On Wednesday I attended the opening night of Paul Kitching's new operation, Restaurant 21212 and it was really rather good; the restaurant is the ground floor of a Georgian Townhouse (the old 3 Royal Terrace for those who remember) with a drawing room and private dining area on the 1st floor and plush rooms above. It's been decorated in sympathy with the period features yet has a contemporary edge; it feels as effortlessly stylish as Per Se coupled with a relaxed and welcoming ambiance.
Anyway, we arrived to a warm welcome and were invited to repair to the dining room for some opening night Champagne, all very civilised. It was here that we saw Paul popping in to speak to the waiters, checking they were ready for the night ahead; he looked understandably anxious but still made time to say hello.
The menu was as billed, a choice of two starters, a soup, two mains, a cheese course and two desserts; bread was offered which was stuffed with pistachios, dried fruit and curry notes, I found it lovely though my wife, who doesn't like dried fruit, was a bit disappointed in the lack of choice. Technically it was great, light and airy, it excited the palate without being filling.
To start I had the Chicken BLT while the rest of the table opted for Scallops with "seven peas". The Chicken was a wonderful deconstruction of an otherwise indifferent sandwich, the distinct flavours all worked together and were stunning individually. The Scallops were almost as nice, I suspect they were butter-poached as they were plump, succulent and scallopy, the "seven peas" seems to be peas prepared in seven ways, most successful though my wife and mother-in-law felt some of the peas were too hard, I tried a couple and suspect they may have been dried.
Next came the soup, it was cauliflower, carrot and apple with a slice of salami and, randomly, a confectionery apple string; for all this was the stand out dish of the evening, every mouthful brought a different combination of flavours that were a wonderful symphony in ones mouth. Seriously, I can't rave enough about this, equally I can only hint at the depth of flavour - as it constantly changed it would take far too long to describe.
For the mains I opted for the Turbot and Chorizo while the others had the Beef. The Turbot was as good a piece of fish as I've had in a long time, accompanied by lentils, caperberries, a baby chorizo and a couple of sauces which I couldn't even identify but were wonderful (am I beginning to overuse that word?), the lentils were slightly underdone for my taste but didn't bring the dish down. The others enjoyed the beef, it was served with what looked like some gremolata and they reported further lemon hints coming from what they called "the white stuff", not too technically helpful but they loved it.
Until the cheese came, all conversation at the table was suspended when the dishes arrived, only to resume while waiting for the next course. I would say we fell silent in reverence at the altar of Paul Kitching, but that might be a bit too melodramatic. It was seriously good though.Anyway, the cheese course allowed us to eat and talk, there was a great selection of 10 British and French cheeses served with porridge biscuits and a couple of others which I ignored. Can I just commend 21212 for having this as a separate course and for having it in the correct place (jamais le sucre avant le sale).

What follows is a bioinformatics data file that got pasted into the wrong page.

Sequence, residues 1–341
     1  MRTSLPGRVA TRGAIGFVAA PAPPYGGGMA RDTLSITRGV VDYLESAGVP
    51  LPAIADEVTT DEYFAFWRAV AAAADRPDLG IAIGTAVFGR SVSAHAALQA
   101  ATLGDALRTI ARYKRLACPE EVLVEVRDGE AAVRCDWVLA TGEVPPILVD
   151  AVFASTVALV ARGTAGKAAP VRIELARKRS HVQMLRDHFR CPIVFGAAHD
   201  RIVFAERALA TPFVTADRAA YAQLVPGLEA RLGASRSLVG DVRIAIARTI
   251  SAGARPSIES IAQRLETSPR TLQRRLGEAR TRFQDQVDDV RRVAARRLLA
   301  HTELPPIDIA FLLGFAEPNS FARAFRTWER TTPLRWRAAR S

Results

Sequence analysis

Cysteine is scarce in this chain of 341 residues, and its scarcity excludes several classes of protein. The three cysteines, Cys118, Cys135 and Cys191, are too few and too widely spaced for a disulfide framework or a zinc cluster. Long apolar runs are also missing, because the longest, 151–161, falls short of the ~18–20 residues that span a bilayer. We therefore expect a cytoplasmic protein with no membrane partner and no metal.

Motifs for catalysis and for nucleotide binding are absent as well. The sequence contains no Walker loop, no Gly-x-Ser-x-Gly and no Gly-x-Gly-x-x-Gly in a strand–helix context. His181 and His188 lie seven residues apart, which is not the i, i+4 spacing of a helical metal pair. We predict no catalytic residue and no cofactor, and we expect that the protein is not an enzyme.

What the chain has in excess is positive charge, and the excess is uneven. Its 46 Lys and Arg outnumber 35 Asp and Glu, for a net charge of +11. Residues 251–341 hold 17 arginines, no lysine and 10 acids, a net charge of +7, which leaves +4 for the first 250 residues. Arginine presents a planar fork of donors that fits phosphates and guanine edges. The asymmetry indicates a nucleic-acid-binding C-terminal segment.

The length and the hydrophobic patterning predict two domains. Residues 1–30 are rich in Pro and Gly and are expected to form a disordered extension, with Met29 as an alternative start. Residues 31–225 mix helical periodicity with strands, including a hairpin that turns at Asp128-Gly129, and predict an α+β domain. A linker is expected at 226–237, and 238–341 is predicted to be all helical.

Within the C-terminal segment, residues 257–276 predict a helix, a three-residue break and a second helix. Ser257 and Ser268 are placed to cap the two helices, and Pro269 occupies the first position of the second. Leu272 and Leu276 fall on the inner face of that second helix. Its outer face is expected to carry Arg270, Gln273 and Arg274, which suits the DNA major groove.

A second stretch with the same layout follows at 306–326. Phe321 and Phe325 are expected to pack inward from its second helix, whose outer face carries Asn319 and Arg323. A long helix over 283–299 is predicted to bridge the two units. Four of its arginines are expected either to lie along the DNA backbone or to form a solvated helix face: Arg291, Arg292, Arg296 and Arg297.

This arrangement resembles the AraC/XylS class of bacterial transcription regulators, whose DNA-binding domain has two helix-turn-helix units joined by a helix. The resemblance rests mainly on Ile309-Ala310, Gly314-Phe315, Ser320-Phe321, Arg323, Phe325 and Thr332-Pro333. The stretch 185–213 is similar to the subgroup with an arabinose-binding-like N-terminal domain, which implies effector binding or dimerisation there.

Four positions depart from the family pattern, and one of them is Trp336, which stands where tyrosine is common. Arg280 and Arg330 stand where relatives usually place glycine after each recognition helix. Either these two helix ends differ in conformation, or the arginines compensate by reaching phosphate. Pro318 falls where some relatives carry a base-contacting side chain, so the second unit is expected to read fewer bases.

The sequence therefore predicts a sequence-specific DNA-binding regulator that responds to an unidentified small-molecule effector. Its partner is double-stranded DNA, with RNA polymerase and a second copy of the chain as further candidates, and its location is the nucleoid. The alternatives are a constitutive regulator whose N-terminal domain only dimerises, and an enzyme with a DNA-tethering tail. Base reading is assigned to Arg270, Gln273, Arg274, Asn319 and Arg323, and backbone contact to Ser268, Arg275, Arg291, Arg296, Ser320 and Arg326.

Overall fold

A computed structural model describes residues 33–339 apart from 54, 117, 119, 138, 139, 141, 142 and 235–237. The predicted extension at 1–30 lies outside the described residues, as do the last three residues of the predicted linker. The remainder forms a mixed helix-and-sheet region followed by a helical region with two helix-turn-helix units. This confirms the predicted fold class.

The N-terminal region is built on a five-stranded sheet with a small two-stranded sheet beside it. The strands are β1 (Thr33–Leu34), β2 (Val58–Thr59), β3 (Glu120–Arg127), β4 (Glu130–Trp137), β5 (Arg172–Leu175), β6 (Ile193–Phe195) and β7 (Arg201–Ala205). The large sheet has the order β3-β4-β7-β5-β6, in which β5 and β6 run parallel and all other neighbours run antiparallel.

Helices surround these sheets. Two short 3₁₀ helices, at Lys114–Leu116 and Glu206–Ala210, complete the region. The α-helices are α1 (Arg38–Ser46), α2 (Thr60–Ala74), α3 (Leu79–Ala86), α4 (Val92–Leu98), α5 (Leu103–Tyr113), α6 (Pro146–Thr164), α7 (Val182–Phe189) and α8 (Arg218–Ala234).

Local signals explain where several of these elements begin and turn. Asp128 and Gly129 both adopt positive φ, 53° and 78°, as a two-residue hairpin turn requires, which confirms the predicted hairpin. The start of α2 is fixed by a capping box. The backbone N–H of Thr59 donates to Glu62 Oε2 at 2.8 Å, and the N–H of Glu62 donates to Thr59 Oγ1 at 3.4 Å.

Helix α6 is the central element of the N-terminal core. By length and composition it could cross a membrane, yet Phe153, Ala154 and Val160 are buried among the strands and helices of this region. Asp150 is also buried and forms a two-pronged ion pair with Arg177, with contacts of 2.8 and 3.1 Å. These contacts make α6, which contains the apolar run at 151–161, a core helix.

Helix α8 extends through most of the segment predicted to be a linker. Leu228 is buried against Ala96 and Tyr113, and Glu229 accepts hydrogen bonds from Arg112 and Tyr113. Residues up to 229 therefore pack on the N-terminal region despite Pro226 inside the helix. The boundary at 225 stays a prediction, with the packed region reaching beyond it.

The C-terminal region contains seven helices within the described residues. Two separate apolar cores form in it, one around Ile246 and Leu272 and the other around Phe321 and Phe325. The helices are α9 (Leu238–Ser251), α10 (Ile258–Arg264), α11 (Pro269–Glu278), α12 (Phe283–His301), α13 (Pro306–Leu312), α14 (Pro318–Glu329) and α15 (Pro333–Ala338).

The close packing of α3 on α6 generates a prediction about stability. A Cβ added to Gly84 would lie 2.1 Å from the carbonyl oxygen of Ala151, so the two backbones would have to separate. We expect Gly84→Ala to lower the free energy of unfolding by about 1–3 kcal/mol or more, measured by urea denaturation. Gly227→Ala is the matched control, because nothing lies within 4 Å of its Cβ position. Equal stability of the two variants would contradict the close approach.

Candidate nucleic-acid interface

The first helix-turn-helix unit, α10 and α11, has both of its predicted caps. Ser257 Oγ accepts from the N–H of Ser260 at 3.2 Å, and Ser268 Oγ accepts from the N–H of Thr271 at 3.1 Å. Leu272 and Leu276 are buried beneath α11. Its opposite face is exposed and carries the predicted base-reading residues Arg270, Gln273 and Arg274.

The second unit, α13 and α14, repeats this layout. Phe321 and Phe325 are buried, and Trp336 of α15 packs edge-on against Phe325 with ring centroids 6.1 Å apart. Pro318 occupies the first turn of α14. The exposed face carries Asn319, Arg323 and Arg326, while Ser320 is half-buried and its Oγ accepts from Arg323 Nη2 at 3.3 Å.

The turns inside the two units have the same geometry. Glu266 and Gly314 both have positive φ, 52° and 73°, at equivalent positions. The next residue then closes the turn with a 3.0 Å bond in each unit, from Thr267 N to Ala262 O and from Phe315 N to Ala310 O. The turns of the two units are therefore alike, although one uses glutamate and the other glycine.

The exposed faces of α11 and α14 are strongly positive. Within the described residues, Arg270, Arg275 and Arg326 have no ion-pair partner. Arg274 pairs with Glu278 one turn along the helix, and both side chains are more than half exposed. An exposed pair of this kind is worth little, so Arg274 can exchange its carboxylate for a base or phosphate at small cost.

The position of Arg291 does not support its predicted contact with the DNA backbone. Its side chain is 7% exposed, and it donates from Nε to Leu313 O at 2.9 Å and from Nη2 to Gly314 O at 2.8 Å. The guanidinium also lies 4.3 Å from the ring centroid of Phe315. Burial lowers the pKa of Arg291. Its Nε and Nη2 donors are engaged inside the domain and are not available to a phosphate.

A pre-dessert came out of coconut and porridge infused milk, served in paper shot cups from a cute cow-shaped milk jug; this was great and fun, the flavours developed in the mouth like those of a good wine with the coconut surging and then ebbing to leave a delicious oatyness. Not too impressed with the paper cups though, they do look like something you'd find containing ketchup in an Ikea canteen, shot glasses would be preferable.
For dessert I had a baked custard which was flavoured with cumin and caraway and loaded with sultanas and kumquat and which was accompanied by a raspberry and linseed trifle; both dishes packed a flavourful punch that I'm still salivating over. The rest of the table enjoyed cheesecake and a fiery ginger sorbet that was so well received I didn't get to try any of it.
We had to leave at this point, our substitute babysitter having a time limit, so we didn't have time for coffee but Katie kindly presented both my wife and mother-in-law with some bon-bons to take home. I've eaten my wife's as I'm writing this, they are unctuous and mellow and could almost have converted me to dark chocolate. Fiona's going to kill me when she finds them gone.
Anyway, in summary: Restaurant 21212 is fantastic, Paul's dishes are going to challenge the culinary status-quo in Edinburgh by offering intelligent and complex flavours that excite the palate, all done with humour and a deft and skillful had. Even at Per Se, I only had one dish that made me this excited, at 21212 I had 5.The wine list is rather good with some interesting bottles there, though I do wonder if some of the mark-ups may be more London than Edinburgh (I'm thinking of a £60 bottle of Frank Phelan here, it was only a 2005 and I'm sure the last bottle I bought at retail was £17). The staff are pretty much faultless, welcoming and attentive but informal; they are really quite knowledgeable and seem to be proud of where they work. Justifiably.
On the down side, this was an opening night and there are a few things I think we'll see tweaked over the next weeks and months, lack of choice in bread, some of the cutlery is a bit more style over substance - I'm thinking of the two pronged forks that the others were given for the beef in particular and I don't think the room is large enough to be served napkins from a tray, it was nice but perhaps just impractical.
Is this worth £60 per head? Certainly.
Is this deserving of stars? Definitely 1, a few tweaks and possibly 2.
Should people go? Yes, but not too many of you, I always want to be able to get a table.